“The Single Judge does not consider any undue prejudice is caused to the Defense by such a ruling in view of the information at issue, noting the Proposed Stipulation and that the other information related to the Informant (namely RFA 24 and the transcription of the Sound Recording) has already been provided to the Defense,” said Judge Schmitt.
He also said that the prosecution’s initial failure to disclose the specific request for assistance has been addressed by the prosecution’s proposed stipulation and other disclosures they have made since. Judge Schmitt said he considered this, “ensures the fair and expeditious conduct of the proceedings.”
The stipulation that Judge Schmitt referred to was made by Bensouda in a May 7 filing in response to the letter the Ugandan Attorney General wrote.
“At a time approximately two years after the charged time period, Joseph Kony caused his deputy, Vincent Otti, to be killed. This is consistent with the implicit threat of lethal violence which Joseph Kony held over his subordinates if he considered that they had disobeyed or disrespected him. One person who spoke with Joseph Kony at about this time understood from their conversation that Joseph Kony was accepting his responsibility for the death of Vincent Otti,” is the stipulation Bensouda proposed in her submission.
The charged time period Bensouda referred to is July 2002 to December 2005, when Ongwen allegedly committed the war crimes and crimes against humanity he has been charged with.
Throughout the submissions and decisions on the matter, the prosecution and Judge Schmitt have made the point that Otti’s killing is believed to have occurred outside the time frame of the charges against Ongwen and therefore may have little value in Ongwen’s trial. The defense, however, has emphasized that the information is relevant to the duress defense they wish to present for Ongwen.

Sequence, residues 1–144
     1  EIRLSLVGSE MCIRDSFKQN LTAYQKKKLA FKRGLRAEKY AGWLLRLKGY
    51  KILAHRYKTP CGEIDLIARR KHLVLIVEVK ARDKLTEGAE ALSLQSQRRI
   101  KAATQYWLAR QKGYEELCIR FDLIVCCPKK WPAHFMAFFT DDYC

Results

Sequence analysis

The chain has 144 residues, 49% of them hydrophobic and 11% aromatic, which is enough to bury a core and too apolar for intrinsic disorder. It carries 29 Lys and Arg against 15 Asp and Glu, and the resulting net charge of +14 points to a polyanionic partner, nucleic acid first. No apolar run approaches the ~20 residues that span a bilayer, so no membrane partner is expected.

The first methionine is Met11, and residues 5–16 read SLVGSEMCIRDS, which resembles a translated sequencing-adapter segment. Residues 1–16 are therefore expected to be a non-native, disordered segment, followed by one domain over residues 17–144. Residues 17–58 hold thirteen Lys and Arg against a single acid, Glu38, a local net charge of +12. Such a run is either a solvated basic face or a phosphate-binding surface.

Questioning Witnesses About Otti’s Death
The defense has not only pursued information about Otti’s death in submissions. They have also questioned in detail any prosecution witnesses who had any details about Otti’s death. In March last year, Thomas Obhof, one of Ongwen’s lawyers, questioned Witness P-205 on what he knew about Otti’s death. Then in September last year, Odongo asked Witness P-233 about what he knew about Otti’s death.
Both Witness P-205 and Witness P-233 told the court they did not participate in or witness the killing of Otti but described to the court the events leading up to Otti’s death. The witnesses, however, gave differing accounts of why they believed Kony ordered Otti’s killing.
To date, however, Otti is still officially wanted by the ICC—as is Kony—under an arrest warrant issued in 2005. Ongwen was also wanted under the same arrest warrant before he surrendered in Central Africa Republic and was handed over to ICC officials in December 2014.
Raska Lukwiya and Okot Odiambo, two senior LRA commanders who also were wanted under the 2005 arrest warrant, have had their cases terminated after their deaths were confirmed. Lukwiya’s case was terminated in July 2007 and Odiambo’s was closed in September 2015.
Those cases were terminated after their bodies were recovered and DNA tests were done. Pre-Trial Chamber II decided to terminate the cases after considering other information such as family members identifying the bodies or witnesses confirming Lukwiya’s and Odiambo’s deaths.